Since my wife had just recently been discharged from the hospital with a heart problem that she’s now treating with meds, a low-fat, low-sodium diet and by losing weight, I decided to use my day off last Sunday to engage in a long put-off task–finding a good, local church to attend. I work two jobs, so it’s a challenge having work scheduled around church services.

We had attended one in Lapeer for the past few years but decided to look for something closer (among other reasons). On Easter Sunday, I visited a nice church in Frankenmuth, but it wasn’t a good fit. The preaching and contemporary music weren’t bad, but they had two services due to overflow: 9 a.m. and 10:45 a.m. When we arrived there, I was told that they did not have children’s church at the 10:45 a.m. service, which really soured me. If the day comes that we are still looking for a church and they’re in their own building again and are able to offer normal services and offer children’s church at a decent time, we’ll check them out again.

This past Sunday by myself, I attended First Baptist Church here in Vassar. The people were pretty friendly, and I liked the Bible teaching. The pastor also encouraged anyone who didn’t know the Lord to get that settled, which was also a huge plus. Some snooty Christians treat invitations as something only done in the “embarrassing” circles of Independent Fundamental Baptists.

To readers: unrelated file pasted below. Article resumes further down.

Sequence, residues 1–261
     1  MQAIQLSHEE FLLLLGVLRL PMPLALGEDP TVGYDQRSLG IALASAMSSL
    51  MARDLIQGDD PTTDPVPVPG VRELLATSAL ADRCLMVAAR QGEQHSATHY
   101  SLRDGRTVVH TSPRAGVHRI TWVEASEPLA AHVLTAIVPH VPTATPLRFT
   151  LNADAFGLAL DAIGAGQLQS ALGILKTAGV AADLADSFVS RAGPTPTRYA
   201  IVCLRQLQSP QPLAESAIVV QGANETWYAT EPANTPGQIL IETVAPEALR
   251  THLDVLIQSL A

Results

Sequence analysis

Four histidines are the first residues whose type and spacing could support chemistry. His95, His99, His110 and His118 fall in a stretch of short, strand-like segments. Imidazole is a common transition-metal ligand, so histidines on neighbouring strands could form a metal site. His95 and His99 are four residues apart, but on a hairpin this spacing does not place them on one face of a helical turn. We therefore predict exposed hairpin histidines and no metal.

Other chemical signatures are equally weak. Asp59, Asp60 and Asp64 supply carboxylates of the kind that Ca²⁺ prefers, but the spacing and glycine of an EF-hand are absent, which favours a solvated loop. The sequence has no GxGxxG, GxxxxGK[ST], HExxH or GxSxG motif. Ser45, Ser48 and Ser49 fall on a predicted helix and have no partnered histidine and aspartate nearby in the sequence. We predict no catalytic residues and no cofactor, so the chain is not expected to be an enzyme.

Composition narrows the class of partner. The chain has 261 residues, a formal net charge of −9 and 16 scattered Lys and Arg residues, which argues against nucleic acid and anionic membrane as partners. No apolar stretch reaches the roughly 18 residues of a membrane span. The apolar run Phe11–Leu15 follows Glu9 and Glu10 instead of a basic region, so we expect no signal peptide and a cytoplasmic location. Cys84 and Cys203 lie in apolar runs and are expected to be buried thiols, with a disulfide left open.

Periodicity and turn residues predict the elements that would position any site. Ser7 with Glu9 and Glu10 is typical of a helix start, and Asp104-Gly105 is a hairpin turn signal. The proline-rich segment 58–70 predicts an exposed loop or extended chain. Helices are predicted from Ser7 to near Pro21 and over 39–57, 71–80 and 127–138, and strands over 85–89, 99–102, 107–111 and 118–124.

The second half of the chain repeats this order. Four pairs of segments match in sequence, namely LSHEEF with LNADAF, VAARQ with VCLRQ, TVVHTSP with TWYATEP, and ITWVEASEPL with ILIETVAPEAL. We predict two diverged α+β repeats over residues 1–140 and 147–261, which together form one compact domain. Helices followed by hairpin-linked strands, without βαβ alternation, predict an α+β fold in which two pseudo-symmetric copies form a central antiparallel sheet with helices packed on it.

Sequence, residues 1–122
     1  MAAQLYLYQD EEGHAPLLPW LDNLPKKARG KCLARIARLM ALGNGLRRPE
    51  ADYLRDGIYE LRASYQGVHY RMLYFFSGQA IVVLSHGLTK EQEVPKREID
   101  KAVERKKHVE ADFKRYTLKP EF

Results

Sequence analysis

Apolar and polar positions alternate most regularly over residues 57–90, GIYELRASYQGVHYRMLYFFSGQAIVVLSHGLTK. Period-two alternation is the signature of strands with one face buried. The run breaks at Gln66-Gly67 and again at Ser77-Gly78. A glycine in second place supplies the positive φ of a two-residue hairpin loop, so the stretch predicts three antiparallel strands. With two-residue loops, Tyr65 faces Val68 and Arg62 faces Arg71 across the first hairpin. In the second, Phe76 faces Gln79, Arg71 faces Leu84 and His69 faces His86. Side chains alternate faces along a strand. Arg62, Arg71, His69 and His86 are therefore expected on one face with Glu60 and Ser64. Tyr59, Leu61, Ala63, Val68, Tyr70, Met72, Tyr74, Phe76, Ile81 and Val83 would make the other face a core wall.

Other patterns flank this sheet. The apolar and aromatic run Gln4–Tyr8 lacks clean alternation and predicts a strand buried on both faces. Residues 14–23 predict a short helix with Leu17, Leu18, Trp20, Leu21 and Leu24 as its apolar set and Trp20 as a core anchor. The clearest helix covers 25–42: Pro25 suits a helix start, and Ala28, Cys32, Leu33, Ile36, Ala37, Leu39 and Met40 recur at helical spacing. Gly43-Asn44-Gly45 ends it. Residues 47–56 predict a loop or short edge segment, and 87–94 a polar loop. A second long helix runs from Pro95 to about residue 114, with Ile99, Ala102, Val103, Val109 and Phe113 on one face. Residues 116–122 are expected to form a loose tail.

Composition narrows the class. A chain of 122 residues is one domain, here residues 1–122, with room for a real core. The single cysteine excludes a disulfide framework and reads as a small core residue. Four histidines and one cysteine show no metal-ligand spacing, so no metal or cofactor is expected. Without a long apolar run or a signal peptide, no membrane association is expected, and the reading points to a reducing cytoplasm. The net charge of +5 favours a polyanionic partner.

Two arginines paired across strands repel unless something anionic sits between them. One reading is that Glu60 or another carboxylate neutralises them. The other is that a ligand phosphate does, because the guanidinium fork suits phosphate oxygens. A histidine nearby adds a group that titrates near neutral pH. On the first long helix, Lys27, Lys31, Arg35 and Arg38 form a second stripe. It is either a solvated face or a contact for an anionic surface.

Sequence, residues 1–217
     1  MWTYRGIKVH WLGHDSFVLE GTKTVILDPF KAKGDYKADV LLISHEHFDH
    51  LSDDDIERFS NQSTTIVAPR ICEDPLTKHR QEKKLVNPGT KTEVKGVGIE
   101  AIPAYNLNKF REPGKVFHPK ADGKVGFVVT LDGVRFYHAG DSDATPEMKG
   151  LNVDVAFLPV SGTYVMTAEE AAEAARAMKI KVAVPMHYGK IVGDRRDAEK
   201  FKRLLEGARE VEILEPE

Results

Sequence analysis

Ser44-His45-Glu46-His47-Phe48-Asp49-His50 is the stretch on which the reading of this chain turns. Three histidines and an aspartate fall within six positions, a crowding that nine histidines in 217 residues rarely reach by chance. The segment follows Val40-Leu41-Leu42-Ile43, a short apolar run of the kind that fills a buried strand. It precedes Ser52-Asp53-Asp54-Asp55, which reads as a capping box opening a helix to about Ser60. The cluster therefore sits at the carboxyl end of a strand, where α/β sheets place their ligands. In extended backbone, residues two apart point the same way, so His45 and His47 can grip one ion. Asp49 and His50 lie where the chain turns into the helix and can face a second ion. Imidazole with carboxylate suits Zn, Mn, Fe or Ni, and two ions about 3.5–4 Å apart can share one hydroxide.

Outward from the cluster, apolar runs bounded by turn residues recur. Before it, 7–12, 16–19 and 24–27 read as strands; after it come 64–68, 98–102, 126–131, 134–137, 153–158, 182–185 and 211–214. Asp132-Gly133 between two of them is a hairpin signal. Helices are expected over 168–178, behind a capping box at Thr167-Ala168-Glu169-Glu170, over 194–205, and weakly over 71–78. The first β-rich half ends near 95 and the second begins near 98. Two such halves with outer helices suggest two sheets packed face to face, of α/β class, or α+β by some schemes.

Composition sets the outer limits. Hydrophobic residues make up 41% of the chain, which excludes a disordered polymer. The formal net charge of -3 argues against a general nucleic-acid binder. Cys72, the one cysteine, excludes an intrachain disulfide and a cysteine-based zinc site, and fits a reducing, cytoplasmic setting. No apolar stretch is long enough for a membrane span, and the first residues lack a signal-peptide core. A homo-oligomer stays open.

As someone who’s heavy and is losing weight, I don’t have any dressy clothes in my closet that fit. So, I wore a nice pair of jeans, tennis shoes and a button-down shirt. Turns out, many of the men in the church also wore this style. It reminds me a little of that one church’s slogan: “Dress casual. Jesus did.” Nothing is more embarrassing than to go into a church and see you’re extremely under-dressed.

Overall, I liked FBC in Vassar. There are two other churches in the area I plan to check out, but I definitely liked what I saw. And, of course, it’s only a few blocks away from our house.

I come from a Baptist/Independent Fundamental Churches of America/Non-denominational background. Here’s what I look for in a church:

Teaching of the Bible. Preaching is great, but I really like it when a pastor digs deep into what the Word says and telling how it can be applied to our own lives. Two former pastors, including Don Ohm of San Antonio’s Lighthouse Baptist Church, are great at this. You come away knowing something about the Bible and its historical backgrond.